A Summer of Opportunity


It’s a Long Summer

Right about now, both parents and kids are realizing there’s a lot of time left before school is back in session. While the first few weeks of summer vacation were a blessed relief from the grind of school wake-ups and homework, many families are now facing the all-too-familiar refrain of ‘I’m bored!’ Being generous with our time this summer can change boredom into a life-changing experience.

It’s Good for You

Several studies have found a link between volunteering and improved physical and mental health. In general, volunteers report that they feel physically better for having spent their time serving a cause they care about. They also report being happier and having an easier time managing stress. Certainly, serving others keeps you active, provides social interaction, and helps bolster confidence. One study[1] even concluded that those who give selflessly to others live significantly longer.

Why Work for Free?

Those of us further along our life’s journey may find it easy to see the benefits of volunteer work. Yet, someone saving up for school, a house or young family, may find it harder to find the value in giving up their hard-earned free time and potential resources. Volunteering is not just a feel-good activity. Sure, you don’t get paid, but there’s so much more to be gained:

  • In general, a good attitude and strong work ethic are the most important qualifications for a volunteer position. This provides opportunities to gain early experience and make contacts in a career field that interests you. Just as important, it gives you a chance to discover what you don’t like to do.
  • On the flip side, volunteer work can open your eyes to a world you weren’t aware of before. Your hands-on experiences can ignite passion for an important cause. Something that you can support long-term.
  • Volunteer positions usually offer free training, which gives you a chance to develop new skills. It is important to honour your commitment to the organization as well, so that you both benefit from the time and energy put into training.
  • Volunteers usually have more control over how much time they give and when. This is especially important for families juggling summer schedules.
  • Volunteering helps you to meet lots of new people, many of whom share the same interests you do. It is rare to find a volunteer just “phoning it in for the paycheque” because there isn’t one. Volunteering together might even be the foundation for building a lifelong friendship.

The Impact of Volunteering

Hugo Peters had always lived and worked in suburbia. In retirement, he decided that he wanted a component of his volunteer time to be spent somewhere he rubbed shoulders with a totally different set of people. Volunteering at Winnipeg Harvest Food Bank, he found himself working side-by-side with many people who he wouldn’t have met otherwise. People who were very poor, people who were working off their community service, and people who were homeless.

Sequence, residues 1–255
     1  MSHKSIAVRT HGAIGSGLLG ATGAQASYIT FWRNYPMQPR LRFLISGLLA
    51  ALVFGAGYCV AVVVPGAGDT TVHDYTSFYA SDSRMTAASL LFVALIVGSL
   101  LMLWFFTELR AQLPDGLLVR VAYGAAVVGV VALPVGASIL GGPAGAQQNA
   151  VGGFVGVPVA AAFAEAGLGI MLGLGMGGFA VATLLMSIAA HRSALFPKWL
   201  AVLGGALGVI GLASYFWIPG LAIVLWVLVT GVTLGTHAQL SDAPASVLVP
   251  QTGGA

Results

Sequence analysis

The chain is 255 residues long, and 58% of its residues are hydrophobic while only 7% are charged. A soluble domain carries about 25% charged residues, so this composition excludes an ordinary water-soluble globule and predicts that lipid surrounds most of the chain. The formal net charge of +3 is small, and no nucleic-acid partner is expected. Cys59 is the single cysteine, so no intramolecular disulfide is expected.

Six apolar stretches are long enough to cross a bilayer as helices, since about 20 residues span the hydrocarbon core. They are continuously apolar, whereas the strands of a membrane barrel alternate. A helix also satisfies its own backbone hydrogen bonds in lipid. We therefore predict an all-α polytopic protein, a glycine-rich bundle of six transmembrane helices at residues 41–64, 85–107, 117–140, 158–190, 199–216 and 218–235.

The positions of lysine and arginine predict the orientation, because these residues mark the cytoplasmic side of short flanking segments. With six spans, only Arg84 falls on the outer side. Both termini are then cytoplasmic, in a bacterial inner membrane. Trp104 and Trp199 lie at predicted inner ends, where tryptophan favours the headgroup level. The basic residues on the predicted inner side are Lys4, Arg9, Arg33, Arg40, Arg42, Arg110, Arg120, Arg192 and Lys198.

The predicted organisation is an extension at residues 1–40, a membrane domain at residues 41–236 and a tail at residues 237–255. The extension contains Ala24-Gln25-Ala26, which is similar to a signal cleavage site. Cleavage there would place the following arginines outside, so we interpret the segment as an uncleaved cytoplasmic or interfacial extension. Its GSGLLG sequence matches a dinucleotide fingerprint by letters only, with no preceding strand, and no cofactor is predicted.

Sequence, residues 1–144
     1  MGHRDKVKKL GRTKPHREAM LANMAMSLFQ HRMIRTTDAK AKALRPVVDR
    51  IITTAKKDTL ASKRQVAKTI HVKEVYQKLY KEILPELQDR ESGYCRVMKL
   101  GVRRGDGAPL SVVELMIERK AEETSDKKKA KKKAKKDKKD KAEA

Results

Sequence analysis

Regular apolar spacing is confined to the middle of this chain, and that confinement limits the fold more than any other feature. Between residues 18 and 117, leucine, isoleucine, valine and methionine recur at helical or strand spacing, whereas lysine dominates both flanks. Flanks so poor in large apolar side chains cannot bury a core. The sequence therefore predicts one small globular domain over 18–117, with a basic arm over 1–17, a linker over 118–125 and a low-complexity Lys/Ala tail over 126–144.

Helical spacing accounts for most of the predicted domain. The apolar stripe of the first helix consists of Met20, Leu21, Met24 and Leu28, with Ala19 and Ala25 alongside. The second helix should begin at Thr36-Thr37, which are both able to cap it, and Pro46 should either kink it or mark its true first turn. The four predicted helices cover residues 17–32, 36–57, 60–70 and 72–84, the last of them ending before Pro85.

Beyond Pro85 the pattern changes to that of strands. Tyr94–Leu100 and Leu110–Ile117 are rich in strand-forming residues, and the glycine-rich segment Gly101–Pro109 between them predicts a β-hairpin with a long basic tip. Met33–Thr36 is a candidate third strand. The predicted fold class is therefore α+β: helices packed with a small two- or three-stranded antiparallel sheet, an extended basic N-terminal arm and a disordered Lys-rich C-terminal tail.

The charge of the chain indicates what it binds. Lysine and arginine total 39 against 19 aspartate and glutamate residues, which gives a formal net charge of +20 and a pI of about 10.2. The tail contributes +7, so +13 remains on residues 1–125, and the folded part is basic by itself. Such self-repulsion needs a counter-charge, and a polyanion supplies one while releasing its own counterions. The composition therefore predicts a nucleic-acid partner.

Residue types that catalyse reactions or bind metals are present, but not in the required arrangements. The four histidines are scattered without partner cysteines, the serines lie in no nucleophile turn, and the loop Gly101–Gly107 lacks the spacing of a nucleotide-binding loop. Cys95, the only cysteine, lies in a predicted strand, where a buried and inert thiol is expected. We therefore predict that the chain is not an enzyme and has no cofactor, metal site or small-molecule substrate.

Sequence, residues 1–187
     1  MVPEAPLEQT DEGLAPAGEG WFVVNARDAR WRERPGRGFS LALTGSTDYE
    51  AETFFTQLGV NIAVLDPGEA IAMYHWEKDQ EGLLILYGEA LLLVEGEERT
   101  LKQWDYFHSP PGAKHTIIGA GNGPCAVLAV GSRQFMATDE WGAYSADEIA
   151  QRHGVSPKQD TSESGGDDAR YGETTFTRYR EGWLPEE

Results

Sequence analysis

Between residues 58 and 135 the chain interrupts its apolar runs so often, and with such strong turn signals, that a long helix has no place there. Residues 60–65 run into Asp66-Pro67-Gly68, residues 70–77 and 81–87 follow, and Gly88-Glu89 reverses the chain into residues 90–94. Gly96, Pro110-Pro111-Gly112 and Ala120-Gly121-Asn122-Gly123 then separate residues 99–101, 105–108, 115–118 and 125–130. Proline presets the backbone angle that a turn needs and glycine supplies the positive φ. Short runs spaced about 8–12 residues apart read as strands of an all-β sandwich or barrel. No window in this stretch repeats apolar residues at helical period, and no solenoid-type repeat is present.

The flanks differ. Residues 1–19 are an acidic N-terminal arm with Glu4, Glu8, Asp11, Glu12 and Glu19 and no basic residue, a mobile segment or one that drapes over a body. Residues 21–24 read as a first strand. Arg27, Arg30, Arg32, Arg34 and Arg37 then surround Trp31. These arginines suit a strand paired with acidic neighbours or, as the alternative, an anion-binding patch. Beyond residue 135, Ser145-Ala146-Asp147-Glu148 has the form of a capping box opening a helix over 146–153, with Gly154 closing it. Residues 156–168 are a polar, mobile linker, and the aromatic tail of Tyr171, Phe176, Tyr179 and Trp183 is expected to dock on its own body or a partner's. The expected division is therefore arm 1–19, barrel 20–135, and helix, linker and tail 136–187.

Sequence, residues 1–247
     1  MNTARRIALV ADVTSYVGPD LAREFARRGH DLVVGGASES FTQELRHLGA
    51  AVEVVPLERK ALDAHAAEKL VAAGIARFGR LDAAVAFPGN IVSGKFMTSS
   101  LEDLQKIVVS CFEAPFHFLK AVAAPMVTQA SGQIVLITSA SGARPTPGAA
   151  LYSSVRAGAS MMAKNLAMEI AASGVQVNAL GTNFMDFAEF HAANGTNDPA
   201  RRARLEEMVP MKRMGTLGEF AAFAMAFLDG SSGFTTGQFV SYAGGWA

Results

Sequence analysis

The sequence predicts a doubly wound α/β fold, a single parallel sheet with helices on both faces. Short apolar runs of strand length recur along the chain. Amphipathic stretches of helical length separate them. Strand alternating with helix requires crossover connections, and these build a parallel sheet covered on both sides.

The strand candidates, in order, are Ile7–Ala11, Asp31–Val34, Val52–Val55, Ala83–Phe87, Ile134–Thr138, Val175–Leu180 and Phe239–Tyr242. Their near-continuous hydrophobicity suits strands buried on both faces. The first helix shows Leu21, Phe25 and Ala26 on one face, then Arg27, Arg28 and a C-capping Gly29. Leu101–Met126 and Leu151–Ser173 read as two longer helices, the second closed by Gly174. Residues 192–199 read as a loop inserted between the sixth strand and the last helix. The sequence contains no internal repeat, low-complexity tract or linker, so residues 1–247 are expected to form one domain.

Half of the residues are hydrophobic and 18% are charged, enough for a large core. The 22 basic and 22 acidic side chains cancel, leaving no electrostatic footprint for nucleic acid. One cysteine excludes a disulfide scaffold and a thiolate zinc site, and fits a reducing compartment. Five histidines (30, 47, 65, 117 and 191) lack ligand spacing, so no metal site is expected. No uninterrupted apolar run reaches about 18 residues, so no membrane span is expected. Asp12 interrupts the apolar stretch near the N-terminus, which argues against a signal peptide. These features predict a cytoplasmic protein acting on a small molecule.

“They’re very interesting people,” observes Hugo, “It’s wonderfully enriching to understand what it’s like to live on the edge.” Hugo continues to engage with these brothers and sisters, while volunteering two days a week preparing income tax returns for people in need.

Ever a teacher, Hugo was delighted to share these experiences with his grandsons when they were growing up. “When I was driving for the food bank, I took each of them along.”  The boys not only completed their volunteer service component for school, they got to share some quality time with their grandfather. “They still speak quite fondly of it,” says Hugo.

Volunteering provides a hands-on approach to causes we care about. The tangible physical, emotional, mental support you provide, can lead to the desire to give of your financial resources as well. Hugo’s lesson for the next generation is to give where they’re involved. “Start with your local church,” he says, “and then extend charity wherever you see the need”.

Do What You Love

Whether you’re spending afternoons helping at an animal shelter, serving pancakes at a community breakfast, chatting with seniors at your local care centre, or leading young campers in games and activities, the key to an impactful volunteer experience is giving your time to something you are passionate about. Once you have decided where you want to give, do some research about the options that are available. Then, take the leap! You can always start with a small commitment and grow from there.

Our world is filled with opportunities to give our time and talents to help others. Where will you give this summer?

Consider a Flexible Gifting Account with Abundance Canada to support your summer giving plans. Convenient, flexible and tailored for you!

Related Post: ‘What happens when you give?’ – video

[1] Konrath, S., Fuhrel-Forbis, A., Lou, A., & Brown, S. (2012). Motives for volunteering are associated with mortality risk in older adults. Health Psychology, 31(1), 87-96. http://dx.doi.org/10.1037/a0025226

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